Australia has had a long, albeit flawed, history of defending religious freedom, with it being a fundamental part of the Australian Constitution. In common with many countries the consensus is that religious freedom is best guaranteed by a strong non sectarian secular state, that the right to worship, observance, having places of worship and religious theology by any religious group are free from discrimination and oppression by other religious or political groups as long they do not advocate or undertake discrimination against or oppression of other societal groups or any illegal activities. This also includes the right to not follow any particular religion or theology without suffering any discrimination. This is consistent with Article 18 of the International Covenant on Civil and Political Rights.
This implies a social compact between religions and society at large, that in return for their existence and freedom being guaranteed they may not attack, oppress or discriminate against those others who do not follow their particular theology, or undertake any illegal activities.
This freedom is already excessive, being misused against the majority of Australians who are further under threat in Australia from several major religious organisations, a small number of radical right wing extremists who have infiltrated religious denominations and various politically religious front groups, as well as foreign funded and supported religious related organisations.
This is despite a 2016 survey showing that 78% of Australians want a clear separation between religion and government.
Currently discrimination by religious organisations in healthcare, education, employment agencies, provision of many social services and other commercial organisations, is currently allowed due to exemptions in Federal and State antidiscrimination laws
These people and organisations advocate for the dominance of their particular theologies and ideologies and that they be forced onto their own followers who disagree with such, the majority of people who are not members and all those who do not follow or agree with their particular religious’ beliefs.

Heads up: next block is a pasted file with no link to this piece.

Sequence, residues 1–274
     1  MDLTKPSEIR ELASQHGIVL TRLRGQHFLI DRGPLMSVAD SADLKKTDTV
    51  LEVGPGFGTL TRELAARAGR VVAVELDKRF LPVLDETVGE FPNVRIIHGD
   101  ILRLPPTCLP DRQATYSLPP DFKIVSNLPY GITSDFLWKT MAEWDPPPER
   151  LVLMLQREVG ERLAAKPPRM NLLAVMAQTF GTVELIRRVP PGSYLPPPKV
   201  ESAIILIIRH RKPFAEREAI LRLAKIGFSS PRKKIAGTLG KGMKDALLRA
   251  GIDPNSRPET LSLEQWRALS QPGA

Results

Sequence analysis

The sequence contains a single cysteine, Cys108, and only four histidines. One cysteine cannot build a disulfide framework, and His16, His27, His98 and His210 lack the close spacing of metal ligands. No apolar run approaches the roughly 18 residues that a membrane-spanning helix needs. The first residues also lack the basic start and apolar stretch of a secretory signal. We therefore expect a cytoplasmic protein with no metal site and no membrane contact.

Thus they are breaking the social compact by imposing their theologies on other groups and overall society.
They are also advocating for this to be expanded, to allow them to impose their beliefs on people who follow other religions, non religious people, whole sections of society that span all beliefs, and even their own followers who disagree or have different interpretation of their theology, albeit without following such beliefs themselves.
Collectively they are commonly labelled in Australia as the ‘religious right’ within the broad grouping of Christian communities and organisations, or ‘Islamic extremism’ within the Muslim community. Section 2 identifies and describes such organisations.
This threatens the social harmony, stability and even the national security of Australia.
There is also strong evidence that the multiple Federal, State and local authority tax and rate exemptions, as well as payments to deliver social services are being misused.
That over and above delivering such services religious dogma is being imposed by discriminating against individuals or whole groups on the basis of gender, perceived sexual status, marital status, sexuality, religious beliefs and even ethnic background. That such exemptions and payments are also discriminatory against commercial businesses who cannot compete on a level playing field, who may be able to deliver such services more efficiently and competitively, but are crowded out of the marketplace.
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